What is Immunotherapy?
Immunotherapy, also known as biological therapy, is a medical intervention that uses the body’s immune response to treat a disease. It can work by either activating or suppressing the immune system’s response, and it is used to treat multiple conditions, including cancer and allergies.
In the context of allergies, immunotherapy works to reduce the body’s sensitivity to an allergen.
Medications such as antihistamines address symptoms alone, whereas immunotherapy gets to the root cause. Immunotherapy treatment for allergies can be administered orally, sublingually, or via an injection.
These shots are given to a patient on a regular basis over a long period of time, slowly working on the body’s immune response to reduce sensitivity.
HOW IMMUNOTHERAPY WORKS
This stage takes anywhere from 3 to 6 months generally and involves getting the patient safely to the effective dose. Once reached, the process moves into the maintenance stage.
During this stage, the patient takes the effective dose on an ongoing basis. This stage can last for an undesignated amount of time until a patient starts to experience prolonged relief.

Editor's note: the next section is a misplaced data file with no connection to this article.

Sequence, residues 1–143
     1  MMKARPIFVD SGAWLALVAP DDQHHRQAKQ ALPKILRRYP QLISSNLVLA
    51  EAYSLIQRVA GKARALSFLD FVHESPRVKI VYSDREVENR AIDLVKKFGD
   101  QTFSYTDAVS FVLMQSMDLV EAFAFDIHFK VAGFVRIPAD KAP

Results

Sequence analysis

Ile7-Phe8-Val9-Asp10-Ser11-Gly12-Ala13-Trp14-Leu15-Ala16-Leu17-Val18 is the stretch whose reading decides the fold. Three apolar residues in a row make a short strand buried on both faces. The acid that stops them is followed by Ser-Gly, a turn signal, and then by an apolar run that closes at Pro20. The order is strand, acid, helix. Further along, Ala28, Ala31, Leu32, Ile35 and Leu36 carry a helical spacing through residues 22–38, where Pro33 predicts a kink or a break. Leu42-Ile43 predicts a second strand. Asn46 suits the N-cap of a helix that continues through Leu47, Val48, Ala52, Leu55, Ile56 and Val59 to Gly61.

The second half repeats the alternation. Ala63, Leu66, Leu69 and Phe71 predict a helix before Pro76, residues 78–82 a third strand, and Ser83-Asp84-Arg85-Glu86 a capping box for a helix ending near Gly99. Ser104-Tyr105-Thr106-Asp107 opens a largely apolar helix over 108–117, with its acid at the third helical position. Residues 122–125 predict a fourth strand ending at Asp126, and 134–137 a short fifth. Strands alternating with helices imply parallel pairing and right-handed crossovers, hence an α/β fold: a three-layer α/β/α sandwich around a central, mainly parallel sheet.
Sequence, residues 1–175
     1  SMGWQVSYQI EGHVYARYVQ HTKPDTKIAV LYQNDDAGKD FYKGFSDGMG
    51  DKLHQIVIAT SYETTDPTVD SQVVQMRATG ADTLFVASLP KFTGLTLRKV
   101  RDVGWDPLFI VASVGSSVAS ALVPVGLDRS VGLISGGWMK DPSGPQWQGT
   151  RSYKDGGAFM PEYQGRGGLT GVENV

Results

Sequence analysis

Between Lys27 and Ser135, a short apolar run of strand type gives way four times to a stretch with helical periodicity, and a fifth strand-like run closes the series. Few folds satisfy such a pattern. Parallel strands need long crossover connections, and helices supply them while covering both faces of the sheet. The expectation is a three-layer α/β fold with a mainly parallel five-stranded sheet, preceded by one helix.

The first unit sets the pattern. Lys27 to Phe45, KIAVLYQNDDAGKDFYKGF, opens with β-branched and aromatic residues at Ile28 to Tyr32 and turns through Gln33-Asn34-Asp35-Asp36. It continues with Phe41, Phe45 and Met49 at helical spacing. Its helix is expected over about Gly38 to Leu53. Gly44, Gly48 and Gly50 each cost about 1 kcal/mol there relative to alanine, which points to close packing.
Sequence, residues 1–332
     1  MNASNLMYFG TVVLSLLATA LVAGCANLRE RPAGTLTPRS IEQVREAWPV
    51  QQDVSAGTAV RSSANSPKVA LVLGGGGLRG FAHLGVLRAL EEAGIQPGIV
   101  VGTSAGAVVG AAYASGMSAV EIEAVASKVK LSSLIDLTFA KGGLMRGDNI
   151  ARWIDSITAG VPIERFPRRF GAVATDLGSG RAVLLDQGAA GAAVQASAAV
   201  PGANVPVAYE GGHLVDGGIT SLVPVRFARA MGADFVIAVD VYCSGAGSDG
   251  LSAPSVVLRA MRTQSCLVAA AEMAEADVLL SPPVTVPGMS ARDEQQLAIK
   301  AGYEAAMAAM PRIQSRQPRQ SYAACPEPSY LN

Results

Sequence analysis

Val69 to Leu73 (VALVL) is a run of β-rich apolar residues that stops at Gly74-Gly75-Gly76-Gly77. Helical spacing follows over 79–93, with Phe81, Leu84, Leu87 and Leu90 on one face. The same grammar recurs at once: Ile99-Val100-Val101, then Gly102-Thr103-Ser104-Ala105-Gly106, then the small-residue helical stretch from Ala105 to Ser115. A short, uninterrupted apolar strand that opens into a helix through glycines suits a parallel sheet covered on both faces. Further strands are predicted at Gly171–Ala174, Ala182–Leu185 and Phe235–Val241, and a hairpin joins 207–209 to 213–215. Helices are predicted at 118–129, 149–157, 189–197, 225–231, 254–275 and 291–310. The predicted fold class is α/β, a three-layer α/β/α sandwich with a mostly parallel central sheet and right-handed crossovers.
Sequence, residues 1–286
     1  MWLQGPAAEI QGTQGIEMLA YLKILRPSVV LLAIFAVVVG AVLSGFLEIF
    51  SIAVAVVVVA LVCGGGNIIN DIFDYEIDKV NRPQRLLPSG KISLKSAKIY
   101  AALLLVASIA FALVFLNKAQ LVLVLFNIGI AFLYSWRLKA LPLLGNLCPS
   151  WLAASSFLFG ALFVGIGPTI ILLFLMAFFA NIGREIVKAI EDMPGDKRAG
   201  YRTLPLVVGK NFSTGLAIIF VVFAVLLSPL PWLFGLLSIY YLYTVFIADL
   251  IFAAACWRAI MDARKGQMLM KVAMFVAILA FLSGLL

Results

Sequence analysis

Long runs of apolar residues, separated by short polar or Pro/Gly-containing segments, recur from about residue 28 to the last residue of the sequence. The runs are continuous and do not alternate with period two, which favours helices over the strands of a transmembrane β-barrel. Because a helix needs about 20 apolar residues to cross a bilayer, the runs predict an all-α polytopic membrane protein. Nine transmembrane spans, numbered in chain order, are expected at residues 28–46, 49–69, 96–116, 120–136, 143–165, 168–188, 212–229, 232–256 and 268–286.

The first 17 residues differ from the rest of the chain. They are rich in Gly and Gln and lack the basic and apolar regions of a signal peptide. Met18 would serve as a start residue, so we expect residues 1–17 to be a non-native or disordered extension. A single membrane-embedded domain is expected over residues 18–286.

Relief From Symptoms
After an initial improvement in symptoms, you may not notice additional improvement for several months. If successful, you should see long-term benefits and a reduction in symptoms.
Immunotherapy Side Effects
As with any medical procedure, immunotherapy for allergies can come with side effects. The primary side effects typically involve experiencing allergy symptoms. In very rare cases, a patient could experience anaphylaxis. There are no known long-term side effects of immunotherapy.
Types of Immunotherapy
Allergy shots are a form of immunotherapy. They work by exposing the body in stages to an allergen so that the body ‘learns’ not to react to that trigger. The principle is similar to a vaccine, which exposes the body to a small amount of a virus and then allows the body to build its immune response.
Allergy shots are administered by a doctor or allergist regularly, typically once or twice a week, during the build-up stage and then less frequently during a maintenance period.
Allergy shots work well on allergies triggered by inhaled allergens, such as pollen allergies, dust allergies, and pet dander allergies. Allergy shots can also work well in limiting the body’s response to a stinging insect allergy. They are typically not used to treat food allergies.
Sublingual immunotherapy follows the same principles as OIT, but is used more commonly to address allergic rhinitis or asthma related to environmental allergens such as dust mites and ragweed. Studies are ongoing as to its effectiveness with food allergies.
It involves the administration of drops or FDA-approved allergen extract tablets sublingually, or under the tongue. These drops or tablets contain very small amounts of an allergen, allowing the body to adjust to exposure to the allergen over time.